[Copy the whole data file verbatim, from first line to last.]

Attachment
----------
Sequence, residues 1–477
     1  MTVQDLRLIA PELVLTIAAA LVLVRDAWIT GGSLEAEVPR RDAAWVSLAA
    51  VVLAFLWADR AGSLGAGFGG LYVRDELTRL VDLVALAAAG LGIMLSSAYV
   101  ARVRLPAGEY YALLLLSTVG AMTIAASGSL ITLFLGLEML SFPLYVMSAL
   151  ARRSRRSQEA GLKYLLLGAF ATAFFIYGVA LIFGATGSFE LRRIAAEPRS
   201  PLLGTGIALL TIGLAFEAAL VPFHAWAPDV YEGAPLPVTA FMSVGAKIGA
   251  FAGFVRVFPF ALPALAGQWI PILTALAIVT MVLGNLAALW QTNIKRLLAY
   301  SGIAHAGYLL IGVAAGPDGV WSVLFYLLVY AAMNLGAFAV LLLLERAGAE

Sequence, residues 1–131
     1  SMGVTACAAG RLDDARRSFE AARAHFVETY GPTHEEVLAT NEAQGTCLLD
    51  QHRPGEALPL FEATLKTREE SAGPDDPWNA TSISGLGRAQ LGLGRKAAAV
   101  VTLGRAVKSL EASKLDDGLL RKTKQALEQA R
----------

Sequence, residues 1–477
     1  MTVQDLRLIA PELVLTIAAA LVLVRDAWIT GGSLEAEVPR RDAAWVSLAA
    51  VVLAFLWADR AGSLGAGFGG LYVRDELTRL VDLVALAAAG LGIMLSSAYV
   101  ARVRLPAGEY YALLLLSTVG AMTIAASGSL ITLFLGLEML SFPLYVMSAL
   151  ARRSRRSQEA GLKYLLLGAF ATAFFIYGVA LIFGATGSFE LRRIAAEPRS
   201  PLLGTGIALL TIGLAFEAAL VPFHAWAPDV YEGAPLPVTA FMSVGAKIGA
   251  FAGFVRVFPF ALPALAGQWI PILTALAIVT MVLGNLAALW QTNIKRLLAY
   301  SGIAHAGYLL IGVAAGPDGV WSVLFYLLVY AAMNLGAFAV LLLLERAGAE

Sequence, residues 1–131
     1  SMGVTACAAG RLDDARRSFE AARAHFVETY GPTHEEVLAT NEAQGTCLLD
    51  QHRPGEALPL FEATLKTREE SAGPDDPWNA TSISGLGRAQ LGLGRKAAAV
   101  VTLGRAVKSL EASKLDDGLL RKTKQALEQA R